Lisa Nowak was picking up her two boys, one in second grade and one in kindergarten. Having seen the recent lockdown drill, she thinks the principal does a good job in maintaining safety, she said.
Don Beers has a son in second grade.
“It makes you look at things differently,” he said. His son normally walks from the parking lot in the morning by himself. “This morning it made me feel a little safer to walk him in.” He will probably do that the rest of the week.
School PTO secretary Sallie Han said by email that her kindergartner did not seem to understand what happened in Connecticut, but her third-grader remembered a recent lockdown at the school.
“I think we grown-ups are living harder with this than the kids are,” she said, “and that is as it should be.”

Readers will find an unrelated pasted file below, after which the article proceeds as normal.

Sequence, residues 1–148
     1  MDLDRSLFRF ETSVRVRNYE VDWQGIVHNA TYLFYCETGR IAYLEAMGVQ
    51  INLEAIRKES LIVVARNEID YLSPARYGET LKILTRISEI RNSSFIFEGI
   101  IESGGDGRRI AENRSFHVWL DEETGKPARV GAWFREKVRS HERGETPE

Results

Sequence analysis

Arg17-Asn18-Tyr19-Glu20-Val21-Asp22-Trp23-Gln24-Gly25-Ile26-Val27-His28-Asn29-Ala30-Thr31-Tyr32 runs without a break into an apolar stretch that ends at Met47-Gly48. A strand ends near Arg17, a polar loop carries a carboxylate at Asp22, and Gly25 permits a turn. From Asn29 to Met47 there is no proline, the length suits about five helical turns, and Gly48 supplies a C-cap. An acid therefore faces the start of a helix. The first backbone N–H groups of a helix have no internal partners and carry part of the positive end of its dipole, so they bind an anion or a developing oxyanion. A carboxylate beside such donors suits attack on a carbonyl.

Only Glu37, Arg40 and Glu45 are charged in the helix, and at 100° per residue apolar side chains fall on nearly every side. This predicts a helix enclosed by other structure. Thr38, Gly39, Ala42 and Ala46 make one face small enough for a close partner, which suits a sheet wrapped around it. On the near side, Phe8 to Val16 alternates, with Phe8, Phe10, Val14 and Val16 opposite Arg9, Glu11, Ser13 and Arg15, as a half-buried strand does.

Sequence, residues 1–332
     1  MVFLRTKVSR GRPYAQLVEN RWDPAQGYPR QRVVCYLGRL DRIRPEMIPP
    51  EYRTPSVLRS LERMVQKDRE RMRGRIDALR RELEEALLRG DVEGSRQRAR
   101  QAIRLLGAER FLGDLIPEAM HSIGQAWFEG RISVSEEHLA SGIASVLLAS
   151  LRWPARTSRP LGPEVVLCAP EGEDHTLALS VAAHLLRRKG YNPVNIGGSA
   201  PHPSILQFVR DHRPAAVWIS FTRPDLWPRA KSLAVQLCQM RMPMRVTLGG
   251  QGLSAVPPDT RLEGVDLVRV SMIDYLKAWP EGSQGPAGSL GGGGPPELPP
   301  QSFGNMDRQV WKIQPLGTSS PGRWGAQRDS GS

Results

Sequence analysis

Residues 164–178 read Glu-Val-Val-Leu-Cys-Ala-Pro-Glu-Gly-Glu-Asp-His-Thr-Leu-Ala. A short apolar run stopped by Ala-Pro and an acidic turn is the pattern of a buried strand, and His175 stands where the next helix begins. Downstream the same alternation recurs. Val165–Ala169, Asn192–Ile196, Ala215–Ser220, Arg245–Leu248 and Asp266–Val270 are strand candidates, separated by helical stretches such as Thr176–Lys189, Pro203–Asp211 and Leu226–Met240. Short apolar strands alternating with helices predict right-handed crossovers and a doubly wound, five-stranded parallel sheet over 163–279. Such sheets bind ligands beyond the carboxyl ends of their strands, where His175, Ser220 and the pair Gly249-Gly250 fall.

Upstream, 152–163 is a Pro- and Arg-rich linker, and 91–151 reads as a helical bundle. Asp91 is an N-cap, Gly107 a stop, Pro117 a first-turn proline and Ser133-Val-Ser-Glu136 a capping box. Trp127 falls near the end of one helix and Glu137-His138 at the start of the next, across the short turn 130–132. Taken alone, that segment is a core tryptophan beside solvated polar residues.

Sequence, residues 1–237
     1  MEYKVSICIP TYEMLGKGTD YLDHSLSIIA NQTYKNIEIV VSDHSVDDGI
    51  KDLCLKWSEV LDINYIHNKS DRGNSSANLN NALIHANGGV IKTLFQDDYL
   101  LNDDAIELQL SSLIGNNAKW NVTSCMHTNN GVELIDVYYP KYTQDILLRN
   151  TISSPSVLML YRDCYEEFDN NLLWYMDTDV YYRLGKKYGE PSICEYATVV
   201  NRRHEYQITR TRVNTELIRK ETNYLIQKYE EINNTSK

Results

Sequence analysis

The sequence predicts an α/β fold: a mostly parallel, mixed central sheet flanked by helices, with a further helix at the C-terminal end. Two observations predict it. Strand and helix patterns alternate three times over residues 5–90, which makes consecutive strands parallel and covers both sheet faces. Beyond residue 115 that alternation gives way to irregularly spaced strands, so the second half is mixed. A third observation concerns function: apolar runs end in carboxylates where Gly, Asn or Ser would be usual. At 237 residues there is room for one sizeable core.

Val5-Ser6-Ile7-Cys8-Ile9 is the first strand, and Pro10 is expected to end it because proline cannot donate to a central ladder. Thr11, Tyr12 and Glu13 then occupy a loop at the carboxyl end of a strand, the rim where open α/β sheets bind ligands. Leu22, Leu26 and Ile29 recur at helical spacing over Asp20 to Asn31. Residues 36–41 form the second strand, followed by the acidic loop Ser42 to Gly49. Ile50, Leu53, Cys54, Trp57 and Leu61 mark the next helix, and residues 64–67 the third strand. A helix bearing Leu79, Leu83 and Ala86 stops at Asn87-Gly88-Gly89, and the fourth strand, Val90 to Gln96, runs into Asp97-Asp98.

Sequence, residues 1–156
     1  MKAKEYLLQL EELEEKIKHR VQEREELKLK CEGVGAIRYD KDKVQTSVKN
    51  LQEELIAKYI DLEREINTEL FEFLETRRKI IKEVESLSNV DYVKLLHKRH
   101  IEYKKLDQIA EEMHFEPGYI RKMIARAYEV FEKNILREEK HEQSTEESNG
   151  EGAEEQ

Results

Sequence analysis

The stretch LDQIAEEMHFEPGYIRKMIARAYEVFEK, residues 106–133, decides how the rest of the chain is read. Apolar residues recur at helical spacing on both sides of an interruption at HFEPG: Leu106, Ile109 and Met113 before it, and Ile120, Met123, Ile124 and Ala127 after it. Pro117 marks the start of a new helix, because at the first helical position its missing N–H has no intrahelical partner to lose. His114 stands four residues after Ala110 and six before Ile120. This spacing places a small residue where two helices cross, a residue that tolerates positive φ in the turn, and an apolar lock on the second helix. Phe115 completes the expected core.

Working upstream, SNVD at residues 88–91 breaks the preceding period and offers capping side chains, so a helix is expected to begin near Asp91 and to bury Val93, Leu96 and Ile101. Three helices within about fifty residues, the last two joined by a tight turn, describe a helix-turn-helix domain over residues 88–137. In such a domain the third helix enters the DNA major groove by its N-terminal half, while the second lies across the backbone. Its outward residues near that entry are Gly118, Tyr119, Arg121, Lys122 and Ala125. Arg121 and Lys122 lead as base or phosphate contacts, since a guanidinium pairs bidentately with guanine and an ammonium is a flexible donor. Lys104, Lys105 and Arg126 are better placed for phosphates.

Oneonta City School District Interim Superintendent David Rowley said he spoke to some elementary school parents Monday and assured them that safety procedures are in place to deal with similar situations. On Monday there were counselors available to talk with students — a typical response to an emergency — but there were few student issues, he said. Principals are reviewing their safety plans, and he is talking with appropriate school safety officials to see what else can be done. As more information becomes available adjustments could be made, he said.
At Morris Central School, Superintendent Matthew Sheldon said the necessary resources are available if needed, including a social worker and psychologist. In a Monday morning email to staff, he said: “Even though it may be difficult, it is important that we, as adults, provide a sense of normalcy and safety for our students.” The message also provided several websites for information about helping children handle such issues.
On Monday afternoon he said with the exception of some questions from one first-grade class: “students weren’t talking that much about it.” The school is reviewing safety measures to assure that “we have done everything to take care of students’ safety.”